taking a COVID-19 test

David Lato
October 08, 2020
health

I know several people who have gotten COVID-19. One of them was hospitalized on a respirator for several weeks. So I decided to go to the City and County of Honolulu’s free surge testing on the H-3 freeway.

The online registration process for the test was straightforward and convenient. Waiting for three hours to get tested in a long line of cars on the H-3 was not.

When my turn finally came, I suddenly got nervous. My mind started to race. Will it hurt? Will the instructions be confusing? What if I make a mistake?


I couldn't believe the long line on the H-3 to get tested.

I was a bit anxious. Seeing the police and National Guard presence was intimidating. I rolled down my window for the instructions. It was hard to understand the National Guardsman over his face mask and noise in the tunnel. I inserted the swab and circled it inside my nostrils. It was awkward, but not painful. The staff member reminded me to insert the swab higher into my nose and hold it for 15 seconds on each side.

After the swabbing, I secured my sample by putting it in the vial. I screwed the cap on the vial, placed it in a bag, and placed the bag in a bucket. Total test time was about 10 minutes.

Five days after the test, I received an email saying my test result was ready. I logged on to doineedacovid19test.com to see that my result was negative. I was relieved.


Waiting my turn to get tested.

Since my test, I found out that an entire family of long-time friends came down with COVID-19 and two of my mom’s friends – siblings who had pre-existing health conditions – died from the disease. Knowing people who were impacted by COVID-19 brings the pandemic close to mind. It’s a reminder to do what’s right for me and my family and friends: Avoid social gatherings, maintain a physical distance, wear a mask around people, and wash your hands often.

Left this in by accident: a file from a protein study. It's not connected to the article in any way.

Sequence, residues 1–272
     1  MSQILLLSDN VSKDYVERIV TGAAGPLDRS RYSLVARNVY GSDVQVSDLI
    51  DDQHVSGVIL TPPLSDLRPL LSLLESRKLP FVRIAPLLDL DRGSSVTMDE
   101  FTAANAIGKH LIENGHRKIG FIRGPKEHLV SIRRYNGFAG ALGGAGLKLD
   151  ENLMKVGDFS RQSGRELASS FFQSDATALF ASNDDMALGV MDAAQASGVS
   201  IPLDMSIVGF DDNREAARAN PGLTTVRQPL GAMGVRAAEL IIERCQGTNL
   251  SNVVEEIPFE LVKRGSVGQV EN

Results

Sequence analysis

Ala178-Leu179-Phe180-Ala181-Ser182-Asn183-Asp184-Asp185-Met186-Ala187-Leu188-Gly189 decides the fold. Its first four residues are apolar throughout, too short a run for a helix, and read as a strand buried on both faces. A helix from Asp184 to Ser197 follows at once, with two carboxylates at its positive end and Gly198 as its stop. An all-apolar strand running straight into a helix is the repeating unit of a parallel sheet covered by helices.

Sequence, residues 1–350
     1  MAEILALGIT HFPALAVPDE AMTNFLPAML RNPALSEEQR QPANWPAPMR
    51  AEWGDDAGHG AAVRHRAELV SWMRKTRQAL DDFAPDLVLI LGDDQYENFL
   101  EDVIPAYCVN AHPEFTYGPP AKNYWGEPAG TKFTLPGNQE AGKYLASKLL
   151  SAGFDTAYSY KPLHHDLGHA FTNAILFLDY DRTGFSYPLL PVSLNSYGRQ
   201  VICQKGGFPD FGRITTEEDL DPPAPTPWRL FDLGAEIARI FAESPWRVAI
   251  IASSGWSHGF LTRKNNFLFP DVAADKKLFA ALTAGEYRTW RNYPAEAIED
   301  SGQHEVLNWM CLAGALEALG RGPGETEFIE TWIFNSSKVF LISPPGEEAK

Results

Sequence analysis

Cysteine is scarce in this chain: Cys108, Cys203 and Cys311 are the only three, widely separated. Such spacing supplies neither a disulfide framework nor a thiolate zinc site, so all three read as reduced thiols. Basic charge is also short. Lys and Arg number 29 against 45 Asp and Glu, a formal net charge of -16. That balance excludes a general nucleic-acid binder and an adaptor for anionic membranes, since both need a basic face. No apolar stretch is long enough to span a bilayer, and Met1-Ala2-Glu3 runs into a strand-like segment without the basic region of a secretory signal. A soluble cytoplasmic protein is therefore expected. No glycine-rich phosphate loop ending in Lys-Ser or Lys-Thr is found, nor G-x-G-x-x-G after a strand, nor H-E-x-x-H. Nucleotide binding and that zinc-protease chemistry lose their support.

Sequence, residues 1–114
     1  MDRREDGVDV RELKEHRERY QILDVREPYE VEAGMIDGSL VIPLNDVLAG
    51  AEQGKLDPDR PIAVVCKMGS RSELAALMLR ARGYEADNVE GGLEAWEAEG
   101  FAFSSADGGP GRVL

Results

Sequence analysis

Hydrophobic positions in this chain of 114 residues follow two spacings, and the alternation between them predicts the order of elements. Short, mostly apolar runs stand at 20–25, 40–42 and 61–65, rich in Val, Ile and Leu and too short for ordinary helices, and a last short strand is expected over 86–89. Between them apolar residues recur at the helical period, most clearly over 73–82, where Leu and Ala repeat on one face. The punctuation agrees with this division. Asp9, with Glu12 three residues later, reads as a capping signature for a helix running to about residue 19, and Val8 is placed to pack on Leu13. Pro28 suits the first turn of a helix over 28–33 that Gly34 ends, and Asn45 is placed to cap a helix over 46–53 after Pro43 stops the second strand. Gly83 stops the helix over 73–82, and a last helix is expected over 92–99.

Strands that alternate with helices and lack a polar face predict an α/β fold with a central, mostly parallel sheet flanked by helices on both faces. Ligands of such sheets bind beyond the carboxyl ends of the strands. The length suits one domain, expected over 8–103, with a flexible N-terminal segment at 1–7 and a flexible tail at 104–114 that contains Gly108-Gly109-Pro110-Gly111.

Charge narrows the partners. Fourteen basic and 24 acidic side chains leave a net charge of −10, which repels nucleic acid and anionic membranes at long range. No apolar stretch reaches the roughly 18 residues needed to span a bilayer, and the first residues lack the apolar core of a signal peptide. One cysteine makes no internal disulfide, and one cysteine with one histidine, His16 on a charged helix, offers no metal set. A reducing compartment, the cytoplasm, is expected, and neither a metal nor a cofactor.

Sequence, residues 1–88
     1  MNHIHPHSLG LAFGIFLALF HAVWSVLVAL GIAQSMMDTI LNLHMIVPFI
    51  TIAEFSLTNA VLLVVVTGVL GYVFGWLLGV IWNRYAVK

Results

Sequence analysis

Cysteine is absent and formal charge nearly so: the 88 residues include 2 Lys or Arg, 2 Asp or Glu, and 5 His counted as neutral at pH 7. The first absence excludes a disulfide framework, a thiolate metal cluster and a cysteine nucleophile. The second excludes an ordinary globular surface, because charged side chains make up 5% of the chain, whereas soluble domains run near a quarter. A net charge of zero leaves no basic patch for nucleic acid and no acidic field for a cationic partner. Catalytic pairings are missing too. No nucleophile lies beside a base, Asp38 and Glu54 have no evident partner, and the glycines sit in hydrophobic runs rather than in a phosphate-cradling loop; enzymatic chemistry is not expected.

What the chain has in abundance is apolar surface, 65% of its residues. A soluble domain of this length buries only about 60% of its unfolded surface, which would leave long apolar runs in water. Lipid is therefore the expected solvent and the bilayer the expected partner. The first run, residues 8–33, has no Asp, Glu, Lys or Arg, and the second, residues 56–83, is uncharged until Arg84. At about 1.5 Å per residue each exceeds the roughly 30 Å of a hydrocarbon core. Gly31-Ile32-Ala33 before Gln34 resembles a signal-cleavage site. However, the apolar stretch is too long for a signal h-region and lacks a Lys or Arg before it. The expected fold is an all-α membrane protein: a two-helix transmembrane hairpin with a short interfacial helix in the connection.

Mask up.

Do I regret spending three hours of my day waiting in a long line of cars on the H-3? No. Would I do it again? Probably not, unless I really needed to.

I asked Brian Wu, M.D., an HMSA medical director for some guidance. Here’s what he recommends based on national clinical guidelines:

Generally, if you have symptoms of COVID-19, talk to your doctor to see if testing is recommended. If it’s an emergency, such as if you can’t breathe, call 911.

You need to get tested if you’ve been within six feet of a person with COVID-19 for 15 minutes or longer, or have been in direct contact with that person’s secretions. If you’re in close contact and test negative, you still need to self-quarantine for 14 days. It can take up to 14 days to develop symptoms of the infection after being exposed. So if you were in close contact, a negative test doesn’t necessarily mean you don’t have the infection. 

If you test positive, people who you’ve been around recently also need to get tested and self-quarantine. This helps them know if they’re infected and also helps stop the spread of the disease in our community. 

You can learn more at the U.S. Centers for Disease Control and Prevention website.

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